Skip to main content
Micro-Computed Tomography beamline (MCT)
BRIGHT Beamlines

Micro-Computed Tomography beamline (MCT)

Capability summary and techniques

The MCT beamline will complement the existing X-ray imaging and tomography capabilities provided by the Imaging and Medical Beamline (IMBL), and will target applications requiring higher (sub-micron) spatial resolution and involving smaller samples (beam size up to 10 mm high × 64 mm wide).  MCT will be a bending-magnet beamline, operating with X-rays in the energy range of 8 to 40 keV.  Monochromatic X-rays will be selected using a double-multilayer monochromator (DMM).  The DMM, will be able to operate with a relatively wide energy bandpass (ΔE/E~3%) in order to increase the integrated flux at the sample position.  The DMM can also be removed from the X-ray beam path, enabling experiments with a high flux, filtered white beam, for studies that require high-speed data acquisition.  The photon-delivery system (PDS) will also house a single-(vertical) bounce mirror (VBM), capable of suppressing harmonic contamination in low-energy monochromatic beams and providing the means to shape the spectrum of filtered white beams on the high-energy side.  The beamline will greatly benefit from novel phase-contrast modalities (such as propagation-based, grating-based and speckle) in addition to conventional absorption-contrast computed tomography.  The beamline will be equipped with a robotic stage for high-throughput automated sample exchange.  A higher-resolution (nano-CT) configuration based on the use of a Fresnel zone plate system will also be available.

The wide variety of experimental configurations, designed in response to the requirements of a diverse user community will be achieved using three different X-ray imaging detector systems.  These will address key issues such as spatial resolution, contrast, field-of-view, frame rate and white-beam compatibility.

In addition to standard “step-and-shoot” and “on-the-fly” modalities for absorption- and phase-contrast X-ray tomography, MCT will provide capabilities for tomosynthesis, laminography, and helical scanning.  It is envisaged that absorption-contrast and propagation-based phase-contrast imaging will be “workhorse” techniques, however the other phase-contrast modalities will be made available for more specialist requirements, such as dark-field imaging.  Rapid two-dimensional imaging of dynamic processes will also be possible, including via various forms of triggering.

Streamlined data collection, processing, reconstruction, segmentation, rendering and analysis protocols and pipelines will be available via innovative software (including specialised algorithms such as for phase retrieval) and high-performance computing infrastructure.

Scientific applications

Anticipated application areas for non-destructive 3D sample characterisation include biomedical and health science, food science, geosciences, materials science, and palaeontology.  A number of sample environmental stages, such as for high temperature and the application of loads, are planned in collaboration with key groups within the user community.

The MCT beamline has been designed in response to the needs of the user community (including industry) for non-destructive structural characterisation of materials down to the sub-micron spatial scale.  Examples of applications include:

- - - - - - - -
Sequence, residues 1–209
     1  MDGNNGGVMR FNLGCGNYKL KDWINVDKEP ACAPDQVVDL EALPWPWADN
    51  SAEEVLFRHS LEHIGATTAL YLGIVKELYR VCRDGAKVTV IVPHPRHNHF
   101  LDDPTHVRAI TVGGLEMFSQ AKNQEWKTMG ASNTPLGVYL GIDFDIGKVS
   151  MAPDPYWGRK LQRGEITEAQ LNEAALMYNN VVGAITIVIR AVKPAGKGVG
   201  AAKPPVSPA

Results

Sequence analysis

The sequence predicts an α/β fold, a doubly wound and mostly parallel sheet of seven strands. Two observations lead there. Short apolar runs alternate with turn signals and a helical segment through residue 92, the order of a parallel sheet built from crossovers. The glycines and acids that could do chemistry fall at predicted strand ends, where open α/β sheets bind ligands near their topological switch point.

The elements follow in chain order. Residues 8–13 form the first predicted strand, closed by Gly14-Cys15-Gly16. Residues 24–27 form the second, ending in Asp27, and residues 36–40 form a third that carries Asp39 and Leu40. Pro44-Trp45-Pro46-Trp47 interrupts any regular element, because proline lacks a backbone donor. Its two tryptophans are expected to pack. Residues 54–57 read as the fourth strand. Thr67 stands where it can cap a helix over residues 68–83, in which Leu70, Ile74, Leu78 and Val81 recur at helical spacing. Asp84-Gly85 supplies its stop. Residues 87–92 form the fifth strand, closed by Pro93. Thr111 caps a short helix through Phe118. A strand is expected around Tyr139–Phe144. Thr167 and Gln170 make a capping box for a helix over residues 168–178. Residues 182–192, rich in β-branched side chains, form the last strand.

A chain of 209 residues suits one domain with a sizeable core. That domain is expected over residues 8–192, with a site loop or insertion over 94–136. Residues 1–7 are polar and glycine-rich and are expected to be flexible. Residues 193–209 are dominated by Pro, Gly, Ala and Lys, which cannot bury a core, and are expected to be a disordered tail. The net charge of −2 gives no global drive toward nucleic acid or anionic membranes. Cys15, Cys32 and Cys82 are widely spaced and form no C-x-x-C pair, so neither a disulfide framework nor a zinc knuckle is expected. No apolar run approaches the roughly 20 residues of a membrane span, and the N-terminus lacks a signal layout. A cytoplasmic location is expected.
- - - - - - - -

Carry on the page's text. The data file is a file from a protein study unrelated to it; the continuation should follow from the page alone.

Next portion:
• Studies of failure mechanisms in 3D-printed (additive manufacturing) samples and various alloy systems.  In the case of additive manufacturing samples, it is possible to obtain valuable information on surface morphology as a function of the build direction and the size and complexity of the design;
  • Quantifying micro-porosity (e.g. pore-size distribution, shape, connectivity and tortuosity) in rocks and shales for the petroleum industry.  The use of gaseous contrast media with K-absorption edges accessible to the MCT beamline shows considerable promise as a non-destructive characterisation and high-resolution tool to study gas-diffusion dynamics and important mechanisms at play such as adsorption.  An example of results obtained using IMBL is shown below;

Demonstration of the use of Xe gas as a contrast media for X-ray micro...

Demonstration of the use of Xe gas as a contrast media for X-ray micro-tomography of rock samples: the two X-ray energies used straddle the Xe K-edge.  Significant detail of the micro-porosity is revealed.

From Mayo et al. (2015) Fuel. 154, 167-173.

  • Furthering understanding of structural properties for coal and coke can also be obtained.  For example, changes to the structure of coke as a result of production methodology (such as blast-furnace parameters) can be studied;
  • In situ investigation of bone response under load conditions and tensile testing.  The use of phase-contrast techniques can greatly enhance the information content in X-ray images of bone as shown below (left);
  • Phase contrast can also be especially beneficial in elucidating the presence of fine, low-Z materials in matrix structures, particularly when relatively well-defined edge structure is present - see the example shown below (right);

X-ray phase-contrast images

X-ray phase-contrast images (20 keV monochromatic) collected at the European Synchrotron Radiation Facility (ESRF) undulator beamline ID-22 for: (left) a thin cross-section of a human femur (the smallest features seen are ~5 μm osteocytes) and (right) an ~2 mm thick Al sheet containing ~10 μm diameter graphite fibres (running vertically).

From Stevenson (priv. comm.) and Stevenson et al. (2003) Nucl.Inst.Meth.Phys.Res. B199, 427-435.

  • Characterisation of materials undergoing structural phase transitions in response to temperature or pressure;
  • Observation of the evolution and dynamics for metallic foams;
  • Soft- and hard-tissue studies using relatively low-energy X-rays to enhance contrast for subtle features - see the example shown below;

Tomography data collected for mouse middle-ear samples

Tomography data collected for mouse middle-ear samples  and using a laboratory-based micro-CT system.  Various malformations and defects are revealed.  Particular middle-ear bones that mechanically conduct sound from the tympanic membrane to the cochlea are shown in purple (malleus), green (incus) and red (stapes).